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Friday, August 10, 2007

Academic Etiquette, Part I

I remember how strange it was, when I met them for the first time in an interview room, to call my now-colleagues by their first names. Because it felt right to me (and because I had always begun calling friends' mothers "Mrs. So-and-so"  before they said, "Oh, honey, call me Carol"), I called Mark "Professor Movsesian," and gave him the opportunity to correct me in front of the others.

The purpose of this post is to ask whether Mark's correction applied (i)  only to him (definitely not, as he certainly meant for me to address his colleagues in the interview room by their first names, as well), (ii) only to my colleagues at Hofstra (again, not quite right, as it would have been odd, when meeting Danny for the first time, to have addressed him as "Professor Markel"), or (iii) to those listed in (i) and (ii), as well as other non-tenured, or youngish, faculty members at other institutions, unless either (a) a tenured, senior faculty member corrects you, a la Mrs. So-and-so,  or (b) you address any faculty member, including those listed in (i) and (ii), in any sort of public setting.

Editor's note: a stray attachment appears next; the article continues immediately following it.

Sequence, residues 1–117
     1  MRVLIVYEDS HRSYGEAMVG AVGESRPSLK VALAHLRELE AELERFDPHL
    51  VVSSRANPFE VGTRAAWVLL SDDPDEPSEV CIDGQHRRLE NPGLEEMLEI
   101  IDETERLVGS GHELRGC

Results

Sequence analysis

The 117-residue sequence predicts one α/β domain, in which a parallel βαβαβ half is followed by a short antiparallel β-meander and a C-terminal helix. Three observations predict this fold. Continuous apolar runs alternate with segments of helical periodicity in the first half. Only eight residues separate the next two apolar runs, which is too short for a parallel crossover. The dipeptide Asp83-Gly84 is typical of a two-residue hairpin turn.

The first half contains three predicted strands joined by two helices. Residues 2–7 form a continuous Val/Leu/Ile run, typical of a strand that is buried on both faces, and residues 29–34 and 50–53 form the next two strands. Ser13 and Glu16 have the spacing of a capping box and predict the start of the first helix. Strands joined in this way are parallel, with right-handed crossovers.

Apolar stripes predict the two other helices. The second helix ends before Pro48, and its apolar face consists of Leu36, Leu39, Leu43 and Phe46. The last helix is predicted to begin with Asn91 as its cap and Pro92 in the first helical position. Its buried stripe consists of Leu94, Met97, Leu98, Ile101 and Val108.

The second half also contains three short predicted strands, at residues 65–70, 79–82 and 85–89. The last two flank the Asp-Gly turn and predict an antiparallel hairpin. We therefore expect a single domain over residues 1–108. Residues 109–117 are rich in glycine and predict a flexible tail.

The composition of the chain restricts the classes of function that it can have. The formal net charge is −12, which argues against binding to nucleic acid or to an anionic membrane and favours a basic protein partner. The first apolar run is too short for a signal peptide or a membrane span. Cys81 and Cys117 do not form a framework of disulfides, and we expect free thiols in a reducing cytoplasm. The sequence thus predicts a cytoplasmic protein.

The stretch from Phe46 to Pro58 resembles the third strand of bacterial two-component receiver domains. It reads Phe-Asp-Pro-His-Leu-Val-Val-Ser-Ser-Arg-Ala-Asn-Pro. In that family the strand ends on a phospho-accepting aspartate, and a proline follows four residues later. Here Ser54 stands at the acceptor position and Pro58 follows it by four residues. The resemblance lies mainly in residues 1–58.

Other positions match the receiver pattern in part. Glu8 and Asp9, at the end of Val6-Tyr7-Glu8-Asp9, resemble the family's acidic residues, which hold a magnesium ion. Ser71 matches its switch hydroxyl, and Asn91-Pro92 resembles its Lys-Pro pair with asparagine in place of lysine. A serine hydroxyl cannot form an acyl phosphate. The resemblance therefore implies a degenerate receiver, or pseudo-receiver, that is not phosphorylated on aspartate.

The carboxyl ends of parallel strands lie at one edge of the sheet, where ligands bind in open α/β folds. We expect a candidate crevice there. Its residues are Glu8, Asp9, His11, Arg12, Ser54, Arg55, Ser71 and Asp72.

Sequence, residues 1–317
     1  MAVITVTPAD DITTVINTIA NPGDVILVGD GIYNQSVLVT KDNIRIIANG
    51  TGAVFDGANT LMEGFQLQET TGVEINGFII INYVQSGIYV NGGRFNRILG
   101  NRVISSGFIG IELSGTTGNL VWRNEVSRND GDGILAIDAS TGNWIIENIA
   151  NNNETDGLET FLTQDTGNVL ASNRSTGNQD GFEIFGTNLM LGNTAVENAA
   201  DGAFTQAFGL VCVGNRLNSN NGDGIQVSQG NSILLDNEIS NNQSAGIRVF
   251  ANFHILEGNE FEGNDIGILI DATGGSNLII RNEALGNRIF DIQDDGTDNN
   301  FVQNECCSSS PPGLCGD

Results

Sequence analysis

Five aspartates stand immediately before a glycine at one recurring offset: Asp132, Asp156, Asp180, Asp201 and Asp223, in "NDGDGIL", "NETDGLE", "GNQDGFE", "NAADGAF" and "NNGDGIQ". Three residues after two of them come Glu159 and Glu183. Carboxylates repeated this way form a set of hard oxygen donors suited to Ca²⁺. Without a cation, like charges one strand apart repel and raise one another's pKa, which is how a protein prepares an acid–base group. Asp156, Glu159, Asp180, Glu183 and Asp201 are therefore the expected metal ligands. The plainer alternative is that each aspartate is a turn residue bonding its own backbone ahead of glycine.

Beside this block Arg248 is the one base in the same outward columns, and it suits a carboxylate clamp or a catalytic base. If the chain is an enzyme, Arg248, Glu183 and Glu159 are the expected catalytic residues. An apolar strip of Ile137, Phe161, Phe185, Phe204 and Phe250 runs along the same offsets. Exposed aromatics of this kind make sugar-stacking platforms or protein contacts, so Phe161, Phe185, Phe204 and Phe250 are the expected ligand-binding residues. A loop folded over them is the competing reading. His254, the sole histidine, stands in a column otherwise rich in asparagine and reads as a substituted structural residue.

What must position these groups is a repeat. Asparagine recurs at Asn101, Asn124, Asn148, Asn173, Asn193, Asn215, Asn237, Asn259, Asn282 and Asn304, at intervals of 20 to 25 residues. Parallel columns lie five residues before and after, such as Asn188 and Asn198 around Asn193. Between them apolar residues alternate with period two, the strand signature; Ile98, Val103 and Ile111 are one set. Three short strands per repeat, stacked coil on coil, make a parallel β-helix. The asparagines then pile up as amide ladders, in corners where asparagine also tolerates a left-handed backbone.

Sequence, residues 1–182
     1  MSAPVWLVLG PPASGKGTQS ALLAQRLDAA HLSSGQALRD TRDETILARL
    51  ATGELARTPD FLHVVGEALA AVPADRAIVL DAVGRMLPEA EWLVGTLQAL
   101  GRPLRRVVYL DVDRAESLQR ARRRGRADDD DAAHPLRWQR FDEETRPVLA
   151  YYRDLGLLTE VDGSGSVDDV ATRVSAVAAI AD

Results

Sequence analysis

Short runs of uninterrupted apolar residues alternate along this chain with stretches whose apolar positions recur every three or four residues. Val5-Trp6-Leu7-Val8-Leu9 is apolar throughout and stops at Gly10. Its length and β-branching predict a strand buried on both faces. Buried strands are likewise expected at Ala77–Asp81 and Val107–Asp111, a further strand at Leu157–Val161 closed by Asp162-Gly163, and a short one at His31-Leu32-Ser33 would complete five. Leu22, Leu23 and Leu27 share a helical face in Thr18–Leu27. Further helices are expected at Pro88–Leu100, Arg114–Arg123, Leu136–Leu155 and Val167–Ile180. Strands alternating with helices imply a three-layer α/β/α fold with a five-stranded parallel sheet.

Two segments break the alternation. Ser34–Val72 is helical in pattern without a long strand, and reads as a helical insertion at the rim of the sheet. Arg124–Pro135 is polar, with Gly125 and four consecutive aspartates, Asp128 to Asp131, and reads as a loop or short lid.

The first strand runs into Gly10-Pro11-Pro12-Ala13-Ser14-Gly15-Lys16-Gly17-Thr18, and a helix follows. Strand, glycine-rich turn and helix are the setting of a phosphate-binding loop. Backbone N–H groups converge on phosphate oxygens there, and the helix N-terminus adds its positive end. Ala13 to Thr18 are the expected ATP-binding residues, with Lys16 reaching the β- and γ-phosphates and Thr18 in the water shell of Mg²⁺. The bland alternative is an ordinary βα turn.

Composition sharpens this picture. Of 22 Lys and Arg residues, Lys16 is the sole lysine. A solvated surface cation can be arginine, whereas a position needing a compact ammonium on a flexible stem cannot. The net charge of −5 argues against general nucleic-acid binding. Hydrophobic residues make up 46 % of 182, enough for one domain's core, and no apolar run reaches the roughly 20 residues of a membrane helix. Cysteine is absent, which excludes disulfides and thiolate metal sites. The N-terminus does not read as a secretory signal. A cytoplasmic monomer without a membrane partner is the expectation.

Okay, now that we've got some rules to tear into, let me offer some anecdotes that explain the origin of my question. First, last fall, I attended many of the NYU Law & Philosophy Colloquium readings. I remember (and perhaps Ethan may remember, too) that Professors Dworkin, Nagel, and Waldron ("Ronny," "Tom," and "Jeremy," according to each other, and many of the speakers at the Colloquium) referred to Jurgen Habermas as "Professor Habermas" (after he referred to his hosts as Professors Dworkin, Nagel, and Waldron). To be sure, there were students in the audience at Professor Habermas's talk; but there were students at each of the Colloquium's talks, and at most of them, the speakers were called by their first names, as were the Colloquium's organizers. Second, one of my senior and very accomplished colleagues forwarded to me an email that s/he sent to a casebook's author with a question about the casebook; in the email, s/he referred to the author as "Professor X." (Incidentally, and as could be expected, Professor X responded to her/his email and signed the email with her/his first name.)